Todd Kenreck: Today I'm talking to my friend Kate Welch who is the latest member of the D&D team about the popularity of D&D and why it's so memorable.
Kate Welch: You have, it's sort of a perfect storm, you have this game that is incredibly accessible, that requires so so very little materially of you in order to become involved in it. Then you also have the rise of the popularity of games like Critical Role. Between those two things, I think you have the perfect user experience, frankly. You have ease of use, and you have virality.
I never hear a story about "Wow, my Dungeons & Dragons game really sucked." It's always enjoyable. Even if you don't have the best DM in the world, or you have weird interpersonal stuff, Dungeons & Dragons is always fun. If fulfills the promise that you believe that it has almost 100% of the time. The appeal for me, personally, certainly is I love Theater of the Mind more than anything, I love to imagine. I think that what D&D does really well is that it gives adults permission to pretend, and a framework to pretend. It's a socially acceptable framework for pretending. We don't get to do that. Once you're not a kid anymore, unless you get to be an actor, but even then you're not making up your own stories, you're telling someone else's, but we don't get to pretend anymore when we grow up. I think that pretending in storytelling is a basically human need, it's something that we use to communicate for hundreds of thousands of years.
D&D gives you this sort of basic human satisfaction of storytelling and crafting. Plus, I have no idea if this is scientifically valid, but I'm going to say it anyway, I suspect that there's something in the human brain when you are actively collaborating to invent something with other people, I think those memories stick around a lot longer, because I can tell you everything that happened in my Dungeons & Dragons game in 2012, or whatever. But, I don't what else I was doing in my life. What job did I have? Where was I living? I have no clue. But I can describe everything that was happening in that campaign. I notice that as a trend with people. It's like they remember what happened in their games when they were kids. There's also like you form these memories of these things that you all collaboratively created, then you remember them forever. I don't know, I feel like there's something psychological that D&D taps into as well.
For the most part, it's not much convincing that you have to do anymore. People already know they're intrigued by it, they've read about it, they've heard about it, people they know play it. For that final nudge of like "Hey, if you ever want to play, I'll DM a game for you." Is not a hard sell anymore. I've been able to run now three or four games with at least one new player. I just, I try to let them know, especially for the first time, you don't need to do any work, I will do all of the setup for you, I will do all the prep, I will make sure that you have fun. All you have to do is show up and keep your mind open, which is probably exactly what you would say if you'd invited someone to like a weird orgy. But-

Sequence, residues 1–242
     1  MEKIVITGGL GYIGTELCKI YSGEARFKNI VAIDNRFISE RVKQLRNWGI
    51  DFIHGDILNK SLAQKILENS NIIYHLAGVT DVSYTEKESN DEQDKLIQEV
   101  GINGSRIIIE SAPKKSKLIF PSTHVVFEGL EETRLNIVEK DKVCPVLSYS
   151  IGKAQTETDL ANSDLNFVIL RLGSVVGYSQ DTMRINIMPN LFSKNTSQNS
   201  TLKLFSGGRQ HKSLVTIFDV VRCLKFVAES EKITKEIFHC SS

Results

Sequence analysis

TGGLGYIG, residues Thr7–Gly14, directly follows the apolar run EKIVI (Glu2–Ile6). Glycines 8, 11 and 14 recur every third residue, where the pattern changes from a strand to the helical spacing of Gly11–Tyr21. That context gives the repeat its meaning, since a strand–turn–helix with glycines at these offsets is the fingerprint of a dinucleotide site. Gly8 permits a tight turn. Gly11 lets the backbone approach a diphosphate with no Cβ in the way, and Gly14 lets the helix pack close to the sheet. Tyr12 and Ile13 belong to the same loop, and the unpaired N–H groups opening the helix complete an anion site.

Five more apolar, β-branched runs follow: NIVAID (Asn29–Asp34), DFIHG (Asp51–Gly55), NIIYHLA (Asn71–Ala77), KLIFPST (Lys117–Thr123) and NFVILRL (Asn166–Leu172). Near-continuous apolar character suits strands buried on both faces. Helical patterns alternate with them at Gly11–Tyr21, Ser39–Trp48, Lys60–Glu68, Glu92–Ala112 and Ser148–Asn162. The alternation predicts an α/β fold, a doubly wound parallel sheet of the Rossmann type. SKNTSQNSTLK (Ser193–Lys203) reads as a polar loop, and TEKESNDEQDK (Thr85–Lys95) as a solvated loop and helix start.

Todd Kenreck: How is that media training going?
Kate Welch: What's the difference? (laughing) I would say this on Twitter, this is fun. But yeah, just keep an open mind and make sure ... the other thing that I do is when someone is first starting out they're very shy, because in any games that you have played before, unless you've played a lot of table top RPGs, if you come from video game culture, everything is structured, there's a right and a wrong way, even if it's an open sandbox game. You still have to like, if you want to move, you have to press forward on the thumb stick, there is a programmed way to interact with something. In D&D that programming is so much looser and really constrained by just a few numbers. In every other way, you can just use your imagination. New players tend to sort of disappear inside themselves at first, they'll be like "What's the right thing? What am I supposed to do right now?" Leading them by saying "There's no wrong way."
Then, if they're still reticent, I'll be like "Okay, your fighter has a noble background, do you think that he trained in a castle?" They'll be like "Yeah, yeah." I was like "Okay, was it a cold castle?" Try to get like leading questions out of them, and get their imaginations going. Once they understand there's no wrong answer to any of these questions, then I start to see it like blossom out of them. They realize like "Oh, I can do whatever I want. This is amazing. This is a different kind of game from anything I've ever played." Then I think that's where they start to see the magic of D&D and that switch flips in their head.
Especially after the events of the past calendar year for me, I've just been ... it's clearly like my destiny, for lack of a better term, has led me to Dungeons & Dragons, and now I sound like a crazy person on the camera.
Todd Kenreck: I mean, you sound like a crazy person off camera.
Kate Welch: Thanks, Todd. Just edit this to make me seem as little crazy as possible.